There is a very sacred thought in the word "underneath." A father tried to save his child in the waves, clasping his arms around the beloved form. But his arms were too weak, and the child slipped from them, sank away in the dark waters, and perished. But the arms of God are underneath His children, and none can sink out of His embrace! His arms are always 'underneath'.

The waves of sorrow are very deep--but still and forever underneath the deepest floods--are the everlasting arms. We cannot sink below them. If we lie down in sickness, the everlasting arms are underneath us. If human friendships are stripped off, and we stand alone in our bereavement, still we are not alone. He who changes not abides with us. Underneath are the everlasting arms. God remains, and God suffices.

Then, when death comes, and every earthly thing is gone from beneath us, and every hand unclasps from ours, and every face of love fades from our eyes, and we sink away into what seems darkness and the shadow of death--it will be only into the everlasting arms!

When Jesus was dying, He said, "Father, into your hands I commend my spirit." He found no darkness, no loneliness, no deep river--only the everlasting arms. That is what dying is to every true Christian: departing from earth's weariness and pain--to forever nest in the bosom of Christ!

We need to train ourselves to trust God unwaveringly. Yet it is here that so many are weak. They are not sure of their trust in Christ, and therefore they are easily alarmed. Trouble dismays them. Danger fills them with dread. Their peace is broken with small cares and trials. They have little zeal in Christian work. They are easily discouraged by difficulties and obstacles. Their religion is a matter of temperature, rising and falling like the mercury. They begin things--and drop them. Their praying is fitful and spasmodic. Their good resolves are like summer blossoms, which fall off and come to nothing when the first frost comes.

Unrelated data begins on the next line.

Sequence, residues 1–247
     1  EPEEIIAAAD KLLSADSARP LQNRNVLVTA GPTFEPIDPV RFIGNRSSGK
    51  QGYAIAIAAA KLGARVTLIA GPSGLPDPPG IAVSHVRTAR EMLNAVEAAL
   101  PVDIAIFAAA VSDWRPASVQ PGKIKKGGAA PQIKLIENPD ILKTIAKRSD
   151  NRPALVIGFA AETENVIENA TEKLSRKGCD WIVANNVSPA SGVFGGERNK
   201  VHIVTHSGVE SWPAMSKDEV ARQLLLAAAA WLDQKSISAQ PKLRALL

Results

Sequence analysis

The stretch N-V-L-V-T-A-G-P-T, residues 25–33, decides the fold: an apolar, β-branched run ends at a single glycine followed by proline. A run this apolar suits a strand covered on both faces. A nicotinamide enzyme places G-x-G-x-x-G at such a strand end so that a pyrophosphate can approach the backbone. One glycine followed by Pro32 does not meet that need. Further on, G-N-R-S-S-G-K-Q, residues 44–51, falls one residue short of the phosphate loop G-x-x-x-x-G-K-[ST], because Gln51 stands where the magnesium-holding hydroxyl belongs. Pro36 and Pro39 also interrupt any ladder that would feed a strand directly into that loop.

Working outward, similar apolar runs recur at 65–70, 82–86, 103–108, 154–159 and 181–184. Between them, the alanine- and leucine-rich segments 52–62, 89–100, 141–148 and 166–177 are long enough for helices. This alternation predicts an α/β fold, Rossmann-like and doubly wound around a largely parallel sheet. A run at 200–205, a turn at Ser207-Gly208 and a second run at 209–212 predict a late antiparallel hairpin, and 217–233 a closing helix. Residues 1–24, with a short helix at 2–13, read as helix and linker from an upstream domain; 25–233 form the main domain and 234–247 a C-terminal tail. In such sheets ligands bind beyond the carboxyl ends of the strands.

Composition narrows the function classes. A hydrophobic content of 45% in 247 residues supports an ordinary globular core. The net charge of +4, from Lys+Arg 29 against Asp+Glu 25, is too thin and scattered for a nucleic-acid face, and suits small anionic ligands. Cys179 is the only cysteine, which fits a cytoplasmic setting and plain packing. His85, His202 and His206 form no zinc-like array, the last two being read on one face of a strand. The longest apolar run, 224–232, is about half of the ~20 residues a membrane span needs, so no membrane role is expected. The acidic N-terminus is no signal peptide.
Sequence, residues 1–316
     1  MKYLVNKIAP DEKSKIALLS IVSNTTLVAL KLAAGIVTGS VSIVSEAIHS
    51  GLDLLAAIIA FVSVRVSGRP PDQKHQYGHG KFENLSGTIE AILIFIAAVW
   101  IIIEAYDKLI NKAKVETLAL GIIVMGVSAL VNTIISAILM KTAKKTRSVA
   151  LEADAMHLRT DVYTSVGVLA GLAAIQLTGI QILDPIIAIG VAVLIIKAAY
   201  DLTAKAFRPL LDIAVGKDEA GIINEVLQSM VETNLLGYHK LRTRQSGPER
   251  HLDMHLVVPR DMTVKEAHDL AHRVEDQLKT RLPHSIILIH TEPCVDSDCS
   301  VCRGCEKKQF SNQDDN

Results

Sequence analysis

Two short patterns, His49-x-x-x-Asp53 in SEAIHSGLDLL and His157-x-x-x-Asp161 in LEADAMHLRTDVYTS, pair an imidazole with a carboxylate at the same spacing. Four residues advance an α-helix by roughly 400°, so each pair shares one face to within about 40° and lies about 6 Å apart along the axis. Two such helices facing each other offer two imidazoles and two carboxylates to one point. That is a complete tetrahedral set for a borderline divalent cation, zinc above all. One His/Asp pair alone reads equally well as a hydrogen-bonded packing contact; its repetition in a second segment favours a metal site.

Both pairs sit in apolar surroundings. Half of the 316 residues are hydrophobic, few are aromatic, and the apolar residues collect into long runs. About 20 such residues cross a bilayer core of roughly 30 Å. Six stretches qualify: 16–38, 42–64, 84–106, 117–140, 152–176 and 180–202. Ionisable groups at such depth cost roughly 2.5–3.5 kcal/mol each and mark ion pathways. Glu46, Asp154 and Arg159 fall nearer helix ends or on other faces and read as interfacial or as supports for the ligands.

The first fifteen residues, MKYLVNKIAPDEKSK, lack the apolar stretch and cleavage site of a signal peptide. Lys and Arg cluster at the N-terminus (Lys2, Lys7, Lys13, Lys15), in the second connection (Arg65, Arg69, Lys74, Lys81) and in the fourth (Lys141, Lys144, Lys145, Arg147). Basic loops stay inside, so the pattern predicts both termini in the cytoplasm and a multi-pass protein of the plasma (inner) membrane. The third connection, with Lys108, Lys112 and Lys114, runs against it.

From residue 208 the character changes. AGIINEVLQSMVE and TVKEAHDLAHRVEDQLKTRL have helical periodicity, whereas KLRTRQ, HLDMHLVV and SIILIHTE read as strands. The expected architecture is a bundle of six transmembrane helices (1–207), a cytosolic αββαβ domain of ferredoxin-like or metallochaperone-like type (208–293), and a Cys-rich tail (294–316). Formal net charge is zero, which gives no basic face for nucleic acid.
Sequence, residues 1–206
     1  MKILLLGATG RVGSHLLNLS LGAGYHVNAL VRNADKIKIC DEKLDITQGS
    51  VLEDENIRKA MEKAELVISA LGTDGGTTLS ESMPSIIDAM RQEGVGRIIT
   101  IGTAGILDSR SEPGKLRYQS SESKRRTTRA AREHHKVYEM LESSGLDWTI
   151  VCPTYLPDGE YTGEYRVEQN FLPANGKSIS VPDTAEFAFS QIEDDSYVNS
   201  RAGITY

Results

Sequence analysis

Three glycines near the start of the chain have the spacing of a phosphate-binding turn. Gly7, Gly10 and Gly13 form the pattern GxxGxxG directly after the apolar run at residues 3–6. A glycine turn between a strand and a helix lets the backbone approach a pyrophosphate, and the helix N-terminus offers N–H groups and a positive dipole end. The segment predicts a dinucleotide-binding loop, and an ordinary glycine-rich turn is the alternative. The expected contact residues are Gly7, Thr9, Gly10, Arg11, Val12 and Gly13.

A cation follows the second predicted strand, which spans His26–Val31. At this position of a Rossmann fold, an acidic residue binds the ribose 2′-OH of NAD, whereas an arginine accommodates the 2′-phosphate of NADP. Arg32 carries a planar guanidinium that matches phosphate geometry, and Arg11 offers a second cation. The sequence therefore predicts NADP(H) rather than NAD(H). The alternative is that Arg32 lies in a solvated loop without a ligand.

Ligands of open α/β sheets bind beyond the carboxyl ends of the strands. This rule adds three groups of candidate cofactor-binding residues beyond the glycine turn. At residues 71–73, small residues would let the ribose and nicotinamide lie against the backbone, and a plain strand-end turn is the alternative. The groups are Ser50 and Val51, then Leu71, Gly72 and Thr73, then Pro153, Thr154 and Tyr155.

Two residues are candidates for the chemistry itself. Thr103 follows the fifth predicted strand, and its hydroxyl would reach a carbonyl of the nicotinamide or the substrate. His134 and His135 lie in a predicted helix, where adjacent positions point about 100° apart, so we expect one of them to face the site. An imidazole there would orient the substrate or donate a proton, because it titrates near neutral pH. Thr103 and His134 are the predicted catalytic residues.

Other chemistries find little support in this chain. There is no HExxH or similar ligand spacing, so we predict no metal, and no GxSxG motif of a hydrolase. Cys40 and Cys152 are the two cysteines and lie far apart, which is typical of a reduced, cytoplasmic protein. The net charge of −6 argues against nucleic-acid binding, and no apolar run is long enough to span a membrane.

If our minds were stayed on Christ, we would have perfect peace. If we realized that the eternal God is our refuge, and that the everlasting arms are truly underneath us, our joy would not fluctuate as it does, nor our zeal be so fitful. The revival we need is a closer relation with Christ, a deeper repose in Him, a more trustful settling down upon Him and upon His atoning work. Then nothing could disturb our confidence, nothing could chill our ardor, nothing could hinder our consecration. Then in sorrow we would rejoice, in temptation we would be victorious, in all life we would be Christ-like and strong.